Q: My 7-year-old daughter has big emotions, big love, big anger, big sadness, big everything. You have taught me to embrace all these emotions and just be there for her. My new issue is that we’re moving from Canada to the United States in three weeks for my husband’s work. In addition to my daughter, I have a 10-year-old son with attention-deficit/hyperactivity disorder. Do you have any suggestions on how I can make this transition easier for them? My daughter has been acting out lately and letting me know that she doesn’t want to go. This move is only for approximately one year, and we’ll be back home to visit at Christmas.
A: Congrats, and I am sorry. Why both? Because that’s how most big transitions are. A move is exciting and new, but it is also filled with stress and unknowns. For children, this is doubly true. I am guessing that the children have not had a big move like this before, and I want to reassure you that they are resilient. Change is hard, but when children can trust that their relationships with you will stay the same, they can handle a great deal of it, including this move. It’s also clear that you are a tuned-in parent, so although there will be struggles, I am confident that you will be able to navigate them with empathy.
In terms of making the transition easier for your children, I am going to begin with you. Children, even a 7- and 10-year-old, are soaking in your energy all of the time. If you are organized, calm, hopeful and tapped into your emotions, they can follow your lead.
You are under even more pressure because this is a temporary move. You are establishing your family life in another city (new schools, new doctors, new parks, new friends, new activities) only to know that you will return to your previous life in 12 months. This isn’t a problem, but it’s another layer to consider. So get your own life and routine in order first. That may sound counterintuitive, but from that grounded place, you will be able to take better care of your family.
Begin to have regular family meetings right away. They don’t have to focus on the move, but they will give everyone an opportunity to discuss the minutiae of their day and how they are feeling. Then use these meetings as a vehicle for planning for the move. To start, ask open-ended questions: “How is everyone feeling about moving? What makes you nervous about it?”
Many parents are loath to ask about negative feelings or draw them out, but this is where you learn about your children and give them a chance to express their emotions. Many of the frustrating behaviors we see in kids come from pent-up emotions they are having trouble expressing. When parents help them express those feelings (rather than always staying in fix-it or stop-it mode), those behaviors will change.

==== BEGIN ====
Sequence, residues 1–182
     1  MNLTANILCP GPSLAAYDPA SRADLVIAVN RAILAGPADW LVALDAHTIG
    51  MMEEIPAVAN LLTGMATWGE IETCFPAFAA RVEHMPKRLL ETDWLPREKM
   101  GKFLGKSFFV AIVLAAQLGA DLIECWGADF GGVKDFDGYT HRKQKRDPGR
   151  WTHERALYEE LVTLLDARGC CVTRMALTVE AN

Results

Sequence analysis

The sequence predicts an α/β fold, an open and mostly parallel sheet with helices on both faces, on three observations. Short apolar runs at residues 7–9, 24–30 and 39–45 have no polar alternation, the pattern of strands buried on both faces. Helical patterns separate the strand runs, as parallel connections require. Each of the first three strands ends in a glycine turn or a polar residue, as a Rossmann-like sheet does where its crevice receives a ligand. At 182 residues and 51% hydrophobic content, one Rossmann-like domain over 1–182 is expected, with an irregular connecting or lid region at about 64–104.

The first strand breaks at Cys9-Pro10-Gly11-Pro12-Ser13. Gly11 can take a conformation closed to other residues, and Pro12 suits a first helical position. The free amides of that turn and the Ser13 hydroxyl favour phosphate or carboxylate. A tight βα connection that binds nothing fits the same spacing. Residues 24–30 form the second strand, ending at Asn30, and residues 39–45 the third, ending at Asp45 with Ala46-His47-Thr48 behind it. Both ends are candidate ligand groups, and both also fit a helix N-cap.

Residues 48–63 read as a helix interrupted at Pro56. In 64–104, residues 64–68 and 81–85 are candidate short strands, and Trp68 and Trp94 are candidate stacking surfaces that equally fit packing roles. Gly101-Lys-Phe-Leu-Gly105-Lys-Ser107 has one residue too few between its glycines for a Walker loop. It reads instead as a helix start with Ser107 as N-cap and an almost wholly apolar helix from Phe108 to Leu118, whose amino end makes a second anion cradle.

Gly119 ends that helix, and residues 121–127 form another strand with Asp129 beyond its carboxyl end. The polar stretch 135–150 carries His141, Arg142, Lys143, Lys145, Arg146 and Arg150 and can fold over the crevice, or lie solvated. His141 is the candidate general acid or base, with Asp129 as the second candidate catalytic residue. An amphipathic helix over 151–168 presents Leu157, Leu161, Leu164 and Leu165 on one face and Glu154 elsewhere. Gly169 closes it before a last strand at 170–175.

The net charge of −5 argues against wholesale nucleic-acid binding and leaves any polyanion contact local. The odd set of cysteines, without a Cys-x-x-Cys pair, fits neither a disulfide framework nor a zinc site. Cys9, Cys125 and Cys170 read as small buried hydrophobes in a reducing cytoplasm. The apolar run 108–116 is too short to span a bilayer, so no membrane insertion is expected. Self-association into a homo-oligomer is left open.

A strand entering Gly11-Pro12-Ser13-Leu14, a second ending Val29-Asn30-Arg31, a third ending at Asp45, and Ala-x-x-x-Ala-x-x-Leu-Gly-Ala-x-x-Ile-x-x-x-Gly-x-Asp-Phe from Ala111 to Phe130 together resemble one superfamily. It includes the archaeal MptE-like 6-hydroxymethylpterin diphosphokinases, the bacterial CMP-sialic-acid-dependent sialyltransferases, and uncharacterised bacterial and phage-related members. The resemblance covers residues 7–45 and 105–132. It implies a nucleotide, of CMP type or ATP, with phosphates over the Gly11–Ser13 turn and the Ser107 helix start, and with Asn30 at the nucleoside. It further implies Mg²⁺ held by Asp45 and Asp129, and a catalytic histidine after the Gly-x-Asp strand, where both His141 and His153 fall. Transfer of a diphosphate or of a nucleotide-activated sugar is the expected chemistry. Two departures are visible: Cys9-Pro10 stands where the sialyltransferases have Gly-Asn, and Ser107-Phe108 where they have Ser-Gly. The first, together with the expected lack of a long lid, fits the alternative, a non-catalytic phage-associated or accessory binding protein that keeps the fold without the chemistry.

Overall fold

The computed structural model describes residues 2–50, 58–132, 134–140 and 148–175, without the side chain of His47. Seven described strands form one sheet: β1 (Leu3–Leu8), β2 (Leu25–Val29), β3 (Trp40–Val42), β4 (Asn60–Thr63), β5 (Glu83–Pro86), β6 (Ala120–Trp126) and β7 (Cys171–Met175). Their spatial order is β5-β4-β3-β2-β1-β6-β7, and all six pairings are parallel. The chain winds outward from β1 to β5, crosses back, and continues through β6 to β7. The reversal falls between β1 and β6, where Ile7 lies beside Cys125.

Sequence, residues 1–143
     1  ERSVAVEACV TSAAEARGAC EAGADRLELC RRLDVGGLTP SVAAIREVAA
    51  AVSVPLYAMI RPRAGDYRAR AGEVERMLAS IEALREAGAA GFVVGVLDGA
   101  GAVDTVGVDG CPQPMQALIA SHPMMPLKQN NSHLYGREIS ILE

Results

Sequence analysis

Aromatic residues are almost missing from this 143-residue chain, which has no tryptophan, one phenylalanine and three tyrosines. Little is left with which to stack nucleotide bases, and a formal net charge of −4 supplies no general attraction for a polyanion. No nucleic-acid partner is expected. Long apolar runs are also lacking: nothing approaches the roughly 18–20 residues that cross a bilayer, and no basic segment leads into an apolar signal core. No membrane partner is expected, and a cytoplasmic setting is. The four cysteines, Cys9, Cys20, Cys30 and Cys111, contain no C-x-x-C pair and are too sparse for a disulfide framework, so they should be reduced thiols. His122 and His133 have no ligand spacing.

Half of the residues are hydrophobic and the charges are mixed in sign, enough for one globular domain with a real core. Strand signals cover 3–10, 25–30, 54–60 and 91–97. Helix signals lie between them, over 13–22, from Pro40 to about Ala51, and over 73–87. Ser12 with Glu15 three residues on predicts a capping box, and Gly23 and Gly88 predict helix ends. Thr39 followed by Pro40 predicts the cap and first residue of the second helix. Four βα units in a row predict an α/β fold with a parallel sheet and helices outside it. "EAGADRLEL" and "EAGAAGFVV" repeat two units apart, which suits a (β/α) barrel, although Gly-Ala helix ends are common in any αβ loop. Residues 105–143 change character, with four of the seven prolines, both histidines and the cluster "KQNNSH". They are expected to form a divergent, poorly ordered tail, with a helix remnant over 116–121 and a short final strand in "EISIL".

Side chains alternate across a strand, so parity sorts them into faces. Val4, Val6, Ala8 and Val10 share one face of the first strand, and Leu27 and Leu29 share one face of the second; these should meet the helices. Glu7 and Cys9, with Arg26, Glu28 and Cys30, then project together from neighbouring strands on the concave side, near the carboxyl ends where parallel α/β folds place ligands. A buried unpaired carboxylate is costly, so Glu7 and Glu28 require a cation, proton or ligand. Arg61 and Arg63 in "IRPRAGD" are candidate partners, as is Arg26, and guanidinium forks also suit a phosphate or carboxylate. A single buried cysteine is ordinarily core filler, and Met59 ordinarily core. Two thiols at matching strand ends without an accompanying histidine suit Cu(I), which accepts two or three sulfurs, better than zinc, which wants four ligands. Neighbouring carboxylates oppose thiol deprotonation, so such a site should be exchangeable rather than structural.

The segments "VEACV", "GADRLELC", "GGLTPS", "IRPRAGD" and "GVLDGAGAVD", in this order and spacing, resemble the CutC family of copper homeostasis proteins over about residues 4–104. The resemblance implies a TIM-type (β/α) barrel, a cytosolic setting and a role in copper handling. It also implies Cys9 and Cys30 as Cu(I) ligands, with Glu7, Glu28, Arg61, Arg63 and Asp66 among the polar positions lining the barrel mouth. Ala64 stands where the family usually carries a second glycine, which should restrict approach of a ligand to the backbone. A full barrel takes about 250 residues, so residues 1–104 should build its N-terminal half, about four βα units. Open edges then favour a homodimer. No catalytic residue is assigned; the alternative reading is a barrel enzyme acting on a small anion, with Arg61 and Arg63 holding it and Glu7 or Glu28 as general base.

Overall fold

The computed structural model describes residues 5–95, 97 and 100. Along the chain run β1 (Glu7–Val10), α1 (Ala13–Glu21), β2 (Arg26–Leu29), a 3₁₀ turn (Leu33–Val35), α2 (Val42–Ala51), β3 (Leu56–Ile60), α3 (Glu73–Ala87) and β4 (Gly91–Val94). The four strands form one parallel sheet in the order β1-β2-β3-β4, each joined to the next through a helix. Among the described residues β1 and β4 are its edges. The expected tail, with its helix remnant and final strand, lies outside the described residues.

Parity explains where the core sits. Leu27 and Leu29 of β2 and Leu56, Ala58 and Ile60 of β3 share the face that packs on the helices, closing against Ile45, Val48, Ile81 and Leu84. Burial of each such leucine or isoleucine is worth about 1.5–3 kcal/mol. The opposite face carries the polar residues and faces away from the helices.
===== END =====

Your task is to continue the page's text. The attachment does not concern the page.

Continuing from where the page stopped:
As you begin to ask your children open-ended questions about how they feel, your marching orders will become clearer. For instance, is the 7-year-old nervous about leaving her friends and not making new ones? You can simultaneously listen to her fears and worries (because you cannot actually fix this issue) while also making plans to meet kids at her new school. For instance, I recently received an email from a family new to my daughter’s school. Their daughter is in my daughter’s class, and they invited the class (and parents) to celebrate the girl’s birthday and hang out. They kept it light and easy and family-friendly. You could easily do something like this for your daughter.
Also, don’t forget the power of mementos. Technology often aggrieves parents, but you can create amazing photo books with and for your children. Holding on to memories can elicit tears from adults and children alike, which is good. When children are sad, they need to cry. It helps them adapt to change and accept reality.
You will probably use ADHD visual tools for your 10-year-old, but consider using them with your 7-year-old, too. It is so important for your children to have a sense of what is happening and when. I prefer weekly hang-up calendars (the month-long kind can be overwhelming), and you can use the family meetings to look ahead, creating a routine and a sense of safety for your children.
Finally, don’t fret about your children’s feelings. Yes, they are inconvenient and messy and tiring, but they are normal. Keep normalizing the 7-year-old’s big feelings and relating to her. I am not suggesting that you let your boundaries go (you need them more than ever), but use the emotions as a way to connect, not divide. And if you feel like your daughter’s emotions are beginning to take on a life of their own, finding a good play therapist can help.
Good luck and travel safely.